Is smoking defined as the inhalation of nicotine, the use of tobacco, the exhale of smoke-like vapor/smoke, the ritual and emotional attachment of things one does as a smoker, or a combination of all those things? Who decides, and once decided, what happens next?
Electronic Cigarettes: More Questions than Answers
The use of electronic cigarettes is an evolving situation, one in which treatment protocols will change as new information is revealed. Currently, research is limited. The effects of long term use have not been studied, product safety is unknown, and e-cigarettes lack quality control oversight. That means marketing claims about e-cigs may not be/are not correct.
Depending on how one defines smoking, using an E-cig may or may not be considered smoking. The act of vaping is behaviorally identical to smoking, minus the tobacco and the smoke. E-cig manufacturers have declared their use a safer form of smoking. Some employers, states, towns, and insurance companies consider vaping to be smoking, and people who use the E-cig will test positive for nicotine. On the other hand, those who quit smoking tobacco cigarettes and use the E-cig often consider themselves quit.
Some establishments allow E-cigs only in designated smoking areas. Others allow their use in areas where smoking traditional cigarettes is prohibited. An increasing number of states are passing E-cig use and age of purchase restrictions. E-cig marketing promotes 'restriction-free' smoking among many other claims that may not be true. Nicotine free E-cigs may not really be nicotine free, but if they are that adds further question to what is or is not considered smoking.
From a tobacco treatment standpoint, the main components of a successful quit involve breaking the behaviors, habits, and emotional attachments surrounding the act of smoking. Letting go of nicotine is part of the quit process. Many E-cigs contain nicotine. All the FDA approved quit support options are designed to help a person quit smoking while breaking their lifelong behaviors associated with smoking. Lifestyle change is a necessary part of remaining a nonsmoker. By comparison, E-cigs are for the most part 'smoking to quit smoking'. Use of them does not offer room for new habits, new behaviors or new emotional coping tools. Depending on the E-cig chosen, it may not even remove inhaled nicotine from the equation.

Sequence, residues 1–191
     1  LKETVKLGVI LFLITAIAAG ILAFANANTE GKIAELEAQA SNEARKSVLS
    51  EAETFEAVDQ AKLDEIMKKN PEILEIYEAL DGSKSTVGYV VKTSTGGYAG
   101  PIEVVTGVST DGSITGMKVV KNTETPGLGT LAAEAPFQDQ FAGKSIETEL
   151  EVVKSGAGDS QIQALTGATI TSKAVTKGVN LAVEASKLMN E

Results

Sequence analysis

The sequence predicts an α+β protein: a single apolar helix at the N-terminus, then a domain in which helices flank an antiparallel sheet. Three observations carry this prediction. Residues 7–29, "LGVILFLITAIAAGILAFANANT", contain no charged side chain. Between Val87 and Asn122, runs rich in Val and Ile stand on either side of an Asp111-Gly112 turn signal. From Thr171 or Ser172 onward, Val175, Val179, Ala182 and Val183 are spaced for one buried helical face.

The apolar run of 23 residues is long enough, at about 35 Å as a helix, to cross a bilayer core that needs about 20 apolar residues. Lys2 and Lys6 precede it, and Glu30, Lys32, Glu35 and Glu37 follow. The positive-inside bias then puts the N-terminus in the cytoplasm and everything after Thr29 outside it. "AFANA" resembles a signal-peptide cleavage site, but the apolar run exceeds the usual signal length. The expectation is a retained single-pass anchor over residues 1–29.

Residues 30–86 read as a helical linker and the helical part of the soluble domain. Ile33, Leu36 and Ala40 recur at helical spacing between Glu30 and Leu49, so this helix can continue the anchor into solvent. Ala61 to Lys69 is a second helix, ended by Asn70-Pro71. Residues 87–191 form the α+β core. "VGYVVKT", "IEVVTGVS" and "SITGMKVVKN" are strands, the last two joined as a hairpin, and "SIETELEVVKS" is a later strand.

Some people might quit smoking tobacco by using E-cigs. While vaping is currently believed to be safer than smoking a traditional cigarette, that is not the same as saying vaping is safe or healthy. E-cigs may or may not have a place in smoking cessation. There are no statistics available that measure actual quit success rates, relapse rates, or the number of would be quitters that now use E-cigs in addition to regular tobacco products. E-cig users may have a higher potential for relapse, given the perpetuation of smoking attachments and behaviors.
If you are contemplating using an E-cig to quit smoking, established research demonstrates your chance for success increases by choosing NRT, Zyban or Chantix instead. If you are already using an E-cig, it is wise to work towards becoming completely nicotine and cigarette free. Quitting smoking is the best thing you can do for your health. There is no safe way to smoke. The smartest choice is to stop inhaling from any type of cigarette.
Vikki Q CTTS-M
Master Certified Tobacco Treatment Specialist
Electronic cigarettes have been heavily marketed the past 5 years, first as a miracle quitting aid and now as a substitute for conventional smoking. As tobacco treatment specialists, we're in favor of anything that diminishes a smoker's odds of suffering tobacco-related illness or death, but should e-cigarettes be considered legitimate quit-tools?
Being a science-and-evidence-based quit-smoking program, QuitNet can only recommend treatments that are FDA approved, clinically researched, and proven effective. QuitNet does not include the use of e-cigarettes in its roster of suggested tobacco treatments, for the following reasons: